The Behringer unit offers Hi and Lo filters in the sidechain for frequency conscious gating, which helps avoid false triggering by narrowing down the signal fed to the detection circuitry to just the relevant part of the sound spectrum. The Lo Cut control sweeps from 30Hz to 3kHz, and the Hi Cut from 150Hz to 15kHz - the filters are quite steep (12dB/Octave), and used in tandem are able to be very selective. Threshold is adjustable from -50 to +20dBm, to determine the onset of processing, with a Range control setting the amount of attenuation (0 to 100dB). The envelope controls, Attack, Hold, and Release, all function pretty much as you would expect, although the fastest attack time of 3ms is worthy of special mention - the only other unit I know that can do this is, of course, the Aphex 612! This lets the gate open extremely fast so that very little of the all-important leading edge of the waveform gets lost, resulting in a subjectively cleaner sound.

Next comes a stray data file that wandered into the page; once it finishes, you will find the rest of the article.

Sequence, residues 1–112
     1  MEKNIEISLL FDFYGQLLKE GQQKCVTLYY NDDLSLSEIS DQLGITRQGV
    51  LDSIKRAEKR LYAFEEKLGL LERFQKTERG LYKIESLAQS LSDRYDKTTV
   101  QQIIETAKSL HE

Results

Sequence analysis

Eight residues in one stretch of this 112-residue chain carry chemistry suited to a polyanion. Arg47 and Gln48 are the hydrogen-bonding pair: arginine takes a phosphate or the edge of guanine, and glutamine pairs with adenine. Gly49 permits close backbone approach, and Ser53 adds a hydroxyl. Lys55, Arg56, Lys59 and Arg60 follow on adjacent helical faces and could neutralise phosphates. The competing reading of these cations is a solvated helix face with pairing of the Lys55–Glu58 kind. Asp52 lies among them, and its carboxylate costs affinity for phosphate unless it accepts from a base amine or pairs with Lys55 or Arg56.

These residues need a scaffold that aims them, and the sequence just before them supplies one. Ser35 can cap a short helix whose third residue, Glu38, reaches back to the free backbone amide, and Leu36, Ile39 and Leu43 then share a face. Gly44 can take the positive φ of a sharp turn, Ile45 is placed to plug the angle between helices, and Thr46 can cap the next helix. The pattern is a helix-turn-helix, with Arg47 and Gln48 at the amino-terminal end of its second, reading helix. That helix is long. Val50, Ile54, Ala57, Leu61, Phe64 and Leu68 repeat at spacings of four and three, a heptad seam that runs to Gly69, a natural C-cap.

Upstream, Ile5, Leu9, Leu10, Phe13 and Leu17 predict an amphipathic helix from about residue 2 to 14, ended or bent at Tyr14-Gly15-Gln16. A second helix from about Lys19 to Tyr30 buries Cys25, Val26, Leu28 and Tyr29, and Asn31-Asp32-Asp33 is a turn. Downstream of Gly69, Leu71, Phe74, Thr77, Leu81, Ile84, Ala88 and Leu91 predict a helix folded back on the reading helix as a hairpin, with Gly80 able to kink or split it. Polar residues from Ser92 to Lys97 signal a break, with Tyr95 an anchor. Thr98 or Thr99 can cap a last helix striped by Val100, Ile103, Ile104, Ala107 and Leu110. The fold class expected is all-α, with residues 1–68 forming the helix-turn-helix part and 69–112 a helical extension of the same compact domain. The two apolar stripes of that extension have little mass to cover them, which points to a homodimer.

As with any gate, the combination of a very fast attack and a high threshold setting will produce audible clicks as the waveform of the signal is modified, but within the confines of common sense this Behringer gate is remarkably free of audible vices. The Hold time (10ms-4sec), a function not available on all types of gate, delays the onset of the release phase, preventing 'hunting' when a fast release is used and facilitating more accurate tracking of difficult signal dynamics. Release has plenty of scope, variable from 40ms to 4sec. The final control, Ratio, determines the VCA slope, and thus enables the unit to function as an expander as well as a gate, variable from 20:1 (gating) all the way up to 1:1.